Let us use an example. A young man does everything he can think of to please his therapist. He tries to be an exemplary patient, admits readily to all resistances, produces insights with great mental clarity, shows concern for the therapist's own feelings, finishes early to avoid being boring, and so on. Clearly there is an underlying feeling. Now therapist and patient could sit and discuss what is going on between them. They could even uncover the fact that the young fellow never could please his father and is, through his relationship with the therapist, still struggling (symbolically) for parental blessing. Further, the young man might wind up with insight into his relationships with men in positions of authority.
From the Primal perspective, however, we feel that he has still only shaved the issue. His behavior represents an act out of a need. Until it is felt no amount of insight is going to eradicate the motivating force behind it.
In Primal Therapy we may use a head-on confrontation of the behavior. "You seem to want to please me and impress me," the therapist might say. Since the therapist has so openly put his finger on the sore truth, the patient might admit it with words like, "Yes, I want you to think I'm a good patient." The next step depends largely upon the patient, but one course open to the Primal Therapist is to request that the patient say exactly what he does want from the therapist. He would be encouraged to use words that really express the pleading displayed in his behavior: "Please think I'm a good patient. Please think I'm a good boy. See how much I do for you. Give me a word of praise. Say you see how much I do just to please you. Please like me." And so on. The therapist doesn't choose the words. The patient finds the ones which help to evoke what he is already feeling. And the words usually become that of a young child as does the tone of voice.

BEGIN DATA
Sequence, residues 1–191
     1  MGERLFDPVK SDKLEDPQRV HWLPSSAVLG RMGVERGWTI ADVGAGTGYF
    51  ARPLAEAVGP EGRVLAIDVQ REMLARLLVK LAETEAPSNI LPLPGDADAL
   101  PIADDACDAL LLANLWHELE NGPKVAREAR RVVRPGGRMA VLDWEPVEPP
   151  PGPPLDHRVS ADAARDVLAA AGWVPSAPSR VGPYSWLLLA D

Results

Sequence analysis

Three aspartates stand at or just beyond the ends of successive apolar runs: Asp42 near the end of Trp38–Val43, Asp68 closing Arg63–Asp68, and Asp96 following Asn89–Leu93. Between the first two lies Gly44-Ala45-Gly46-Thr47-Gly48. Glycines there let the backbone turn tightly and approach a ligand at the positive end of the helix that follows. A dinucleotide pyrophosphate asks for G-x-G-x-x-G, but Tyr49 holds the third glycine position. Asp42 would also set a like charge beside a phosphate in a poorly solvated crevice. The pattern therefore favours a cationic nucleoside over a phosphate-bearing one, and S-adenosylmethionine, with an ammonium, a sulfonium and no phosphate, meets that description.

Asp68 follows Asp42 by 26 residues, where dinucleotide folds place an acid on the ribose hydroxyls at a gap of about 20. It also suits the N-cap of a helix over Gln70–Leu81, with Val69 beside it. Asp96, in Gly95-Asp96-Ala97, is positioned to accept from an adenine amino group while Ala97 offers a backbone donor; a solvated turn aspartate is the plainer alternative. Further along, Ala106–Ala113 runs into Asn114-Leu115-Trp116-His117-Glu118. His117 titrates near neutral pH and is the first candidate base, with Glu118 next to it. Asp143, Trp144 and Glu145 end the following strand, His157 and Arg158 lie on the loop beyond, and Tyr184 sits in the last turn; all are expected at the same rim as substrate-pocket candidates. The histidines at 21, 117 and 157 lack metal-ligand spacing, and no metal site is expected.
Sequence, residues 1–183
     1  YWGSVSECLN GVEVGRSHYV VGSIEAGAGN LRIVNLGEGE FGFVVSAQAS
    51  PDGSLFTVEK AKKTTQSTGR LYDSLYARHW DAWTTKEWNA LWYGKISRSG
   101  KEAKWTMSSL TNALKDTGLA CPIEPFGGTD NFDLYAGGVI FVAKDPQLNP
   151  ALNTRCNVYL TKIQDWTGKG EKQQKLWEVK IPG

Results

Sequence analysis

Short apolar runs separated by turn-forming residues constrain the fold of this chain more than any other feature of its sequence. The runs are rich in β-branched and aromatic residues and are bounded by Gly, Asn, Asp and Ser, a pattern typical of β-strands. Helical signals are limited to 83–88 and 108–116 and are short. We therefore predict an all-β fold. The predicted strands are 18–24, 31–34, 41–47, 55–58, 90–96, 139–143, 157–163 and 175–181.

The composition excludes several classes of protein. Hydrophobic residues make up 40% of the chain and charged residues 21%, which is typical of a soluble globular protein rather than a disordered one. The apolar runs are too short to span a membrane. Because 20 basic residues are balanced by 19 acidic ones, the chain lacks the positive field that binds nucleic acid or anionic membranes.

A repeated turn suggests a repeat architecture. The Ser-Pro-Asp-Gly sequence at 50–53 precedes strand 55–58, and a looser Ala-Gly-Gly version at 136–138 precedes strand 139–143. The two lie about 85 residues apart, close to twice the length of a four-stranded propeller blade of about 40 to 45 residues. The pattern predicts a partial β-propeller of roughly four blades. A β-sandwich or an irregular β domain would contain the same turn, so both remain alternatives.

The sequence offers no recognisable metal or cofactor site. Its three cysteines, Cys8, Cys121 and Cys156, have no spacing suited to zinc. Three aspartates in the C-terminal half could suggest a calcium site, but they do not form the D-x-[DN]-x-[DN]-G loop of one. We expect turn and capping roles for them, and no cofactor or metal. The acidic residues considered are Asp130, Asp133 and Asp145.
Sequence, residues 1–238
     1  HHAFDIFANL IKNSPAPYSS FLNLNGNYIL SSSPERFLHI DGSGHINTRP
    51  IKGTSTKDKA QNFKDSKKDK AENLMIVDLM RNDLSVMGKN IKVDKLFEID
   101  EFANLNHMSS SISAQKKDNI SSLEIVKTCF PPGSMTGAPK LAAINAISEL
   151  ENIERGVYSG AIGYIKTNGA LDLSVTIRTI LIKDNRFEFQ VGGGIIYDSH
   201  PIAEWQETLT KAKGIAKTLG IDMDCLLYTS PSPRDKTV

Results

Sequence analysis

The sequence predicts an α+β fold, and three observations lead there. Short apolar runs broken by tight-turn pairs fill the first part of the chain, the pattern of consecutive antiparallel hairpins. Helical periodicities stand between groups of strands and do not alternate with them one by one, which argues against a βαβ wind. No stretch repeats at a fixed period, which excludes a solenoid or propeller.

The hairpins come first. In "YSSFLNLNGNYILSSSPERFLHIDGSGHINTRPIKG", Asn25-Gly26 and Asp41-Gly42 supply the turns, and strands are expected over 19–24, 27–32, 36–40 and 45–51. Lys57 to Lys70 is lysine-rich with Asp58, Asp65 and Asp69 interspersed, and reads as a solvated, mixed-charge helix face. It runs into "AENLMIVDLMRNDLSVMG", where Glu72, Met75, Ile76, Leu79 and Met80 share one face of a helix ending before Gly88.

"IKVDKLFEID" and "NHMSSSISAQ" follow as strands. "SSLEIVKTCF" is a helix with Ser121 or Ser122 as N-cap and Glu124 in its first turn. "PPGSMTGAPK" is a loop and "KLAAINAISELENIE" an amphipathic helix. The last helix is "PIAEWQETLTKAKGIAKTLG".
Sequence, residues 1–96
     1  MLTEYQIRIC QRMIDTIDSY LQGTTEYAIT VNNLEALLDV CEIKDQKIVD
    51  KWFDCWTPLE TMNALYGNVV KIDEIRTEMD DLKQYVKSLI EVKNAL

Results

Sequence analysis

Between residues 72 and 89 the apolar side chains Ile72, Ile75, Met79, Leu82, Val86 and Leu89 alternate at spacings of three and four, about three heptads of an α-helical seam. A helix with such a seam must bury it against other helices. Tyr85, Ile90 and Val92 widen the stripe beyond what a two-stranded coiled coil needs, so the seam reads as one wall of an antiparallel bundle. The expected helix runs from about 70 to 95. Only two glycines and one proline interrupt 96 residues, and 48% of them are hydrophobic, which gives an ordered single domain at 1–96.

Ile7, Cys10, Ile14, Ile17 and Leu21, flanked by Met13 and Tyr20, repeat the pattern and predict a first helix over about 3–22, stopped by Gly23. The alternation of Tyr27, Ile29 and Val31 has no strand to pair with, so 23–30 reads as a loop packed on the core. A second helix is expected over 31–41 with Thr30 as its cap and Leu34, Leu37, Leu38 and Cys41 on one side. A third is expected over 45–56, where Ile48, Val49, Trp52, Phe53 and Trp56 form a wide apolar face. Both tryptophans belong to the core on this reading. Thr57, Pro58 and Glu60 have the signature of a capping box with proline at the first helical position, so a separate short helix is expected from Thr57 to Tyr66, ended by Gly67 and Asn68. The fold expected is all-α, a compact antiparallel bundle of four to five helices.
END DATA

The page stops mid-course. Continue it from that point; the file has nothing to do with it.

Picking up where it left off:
This type of direct speech serves a number of purposes. It gives direct, succinct focus to the feeling, expressing it without distance or elaboration. It enhances vulnerability to the feeling and thereby helps to diminish the time barriers. The patient finds himself a child pleading for love. The time dissolve is not complete but it has begun. Often at this point the patient is swept into deeper feeling (which means deeper into his past), without any additional interaction with the therapist, who now sits back and watches quietly. At other times the dissolve into the past can only occur after steady probing by the therapist. "Who did you want to please so much?" might be asked, along with similar questions which lead to previous experience.
Through his response to the therapist the patient now may find his father clearly and vividly in his mind's eye. The symbol (the therapist) has faded into the real person. The Pain and need previously transferred onto the present is returned to its original target. It is no longer the therapist the young man is trying to please, but his father. He is right back in the old situation. His body and mind are beginning to respond with all the reactions he sat on for so long and which he rechanneled into a never-ending struggle to please.
At some point it may be appropriate for the therapist to interject an instruction for him to speak directly to his father. "Tell him what you need," might be suggested. With the emotion welling inside him, the patient speaks to his father. "Please see how good I am, Daddy." He might repeat it, or try several different ways of saying it, as the feeling moves him. The feeling will put the words into his mouth if he gives into it. He will not have to search for words. They will literally come to him, riding on the waves of Pain which now engulf him. "Daddy I need you, can't you see. Please love me Daddy, please." There is a simple, heart-wrenching quality to the expressions of grief which rush through and out of him. This finding of the real voice can be one of the most moving events to observe.